Spanish PM Rajoy has two important regional elections on October 21. Protests have been intensifying in Spain throughout the month of September. The people are beginning to resent their politicians who got them into this mess and the EU, which looks like it is trying to make it worse.
Rajoy needs to wait as long as possible before accepting any money and at least until it gets through those regional elections. If the country begins accepting bailouts, it will make the government appear weak at a crucial time.
By the way, €60bn is not going to be able to recapitalize Spain’s failing banks. Recall the subprime crisis of just a few years ago. Banks will always give very optimistic numbers, and their auditors will sign off on these.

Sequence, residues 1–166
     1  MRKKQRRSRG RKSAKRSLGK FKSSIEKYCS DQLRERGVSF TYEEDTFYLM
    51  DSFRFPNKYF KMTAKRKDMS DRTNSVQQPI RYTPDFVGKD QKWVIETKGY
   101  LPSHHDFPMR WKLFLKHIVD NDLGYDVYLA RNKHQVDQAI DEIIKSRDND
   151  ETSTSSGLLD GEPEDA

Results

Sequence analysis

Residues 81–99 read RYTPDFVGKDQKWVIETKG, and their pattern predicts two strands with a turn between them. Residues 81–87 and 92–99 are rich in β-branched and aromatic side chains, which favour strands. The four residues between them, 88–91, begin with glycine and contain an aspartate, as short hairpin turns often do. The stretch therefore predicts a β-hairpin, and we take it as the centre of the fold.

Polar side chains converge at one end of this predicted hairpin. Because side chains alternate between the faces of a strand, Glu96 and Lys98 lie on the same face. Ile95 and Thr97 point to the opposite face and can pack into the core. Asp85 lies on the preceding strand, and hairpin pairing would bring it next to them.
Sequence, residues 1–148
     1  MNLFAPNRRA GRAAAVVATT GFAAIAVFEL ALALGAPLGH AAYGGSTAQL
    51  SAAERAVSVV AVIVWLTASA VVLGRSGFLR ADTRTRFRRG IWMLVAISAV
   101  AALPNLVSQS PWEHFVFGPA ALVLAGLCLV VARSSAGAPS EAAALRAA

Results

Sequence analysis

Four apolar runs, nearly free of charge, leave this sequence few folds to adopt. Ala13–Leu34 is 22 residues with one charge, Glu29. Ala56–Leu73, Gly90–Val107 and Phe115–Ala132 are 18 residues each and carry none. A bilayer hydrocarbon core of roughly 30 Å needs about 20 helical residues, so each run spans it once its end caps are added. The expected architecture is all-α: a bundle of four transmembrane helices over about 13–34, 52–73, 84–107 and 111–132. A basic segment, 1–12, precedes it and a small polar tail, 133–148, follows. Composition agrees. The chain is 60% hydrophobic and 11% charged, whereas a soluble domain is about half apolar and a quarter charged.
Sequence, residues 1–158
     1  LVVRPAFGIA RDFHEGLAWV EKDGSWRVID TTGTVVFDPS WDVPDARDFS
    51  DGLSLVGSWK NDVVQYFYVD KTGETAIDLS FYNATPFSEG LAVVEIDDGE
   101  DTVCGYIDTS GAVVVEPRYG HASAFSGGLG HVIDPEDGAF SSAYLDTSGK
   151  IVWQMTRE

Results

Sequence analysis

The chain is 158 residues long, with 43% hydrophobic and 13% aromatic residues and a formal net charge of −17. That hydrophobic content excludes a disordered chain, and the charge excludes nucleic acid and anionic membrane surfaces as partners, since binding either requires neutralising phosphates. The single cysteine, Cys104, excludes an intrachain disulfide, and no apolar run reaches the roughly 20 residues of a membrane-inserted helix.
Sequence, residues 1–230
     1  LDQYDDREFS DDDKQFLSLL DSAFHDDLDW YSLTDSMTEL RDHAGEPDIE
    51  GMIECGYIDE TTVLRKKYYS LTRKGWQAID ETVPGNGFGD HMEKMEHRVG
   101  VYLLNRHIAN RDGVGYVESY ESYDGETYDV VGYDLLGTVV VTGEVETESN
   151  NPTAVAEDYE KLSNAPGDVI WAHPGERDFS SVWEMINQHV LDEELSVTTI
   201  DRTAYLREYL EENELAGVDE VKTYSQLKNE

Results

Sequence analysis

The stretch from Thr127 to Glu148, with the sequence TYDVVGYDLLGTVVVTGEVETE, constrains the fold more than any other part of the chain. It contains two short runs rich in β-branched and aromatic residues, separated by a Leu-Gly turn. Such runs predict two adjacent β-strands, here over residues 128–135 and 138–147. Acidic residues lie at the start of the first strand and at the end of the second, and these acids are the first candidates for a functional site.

Remember all of the numbers coming from the TBTF banks from 2007 to 2009? They progressively worsened even though the data for more accurate numbers existed the entire time. None of these companies nor their accomplices, the accounting firms, ever faced any penalties for cooking the books.
It should not surprise anyone that the same procedure continues, nor should it surprise anyone when the Spanish banks actually need several times more cash than is being reported today. Bad loans in these banks are €172 as of two weeks ago. Using the subprime crisis as a guide, we can safely double this figure and still be a few euro short of the final tab.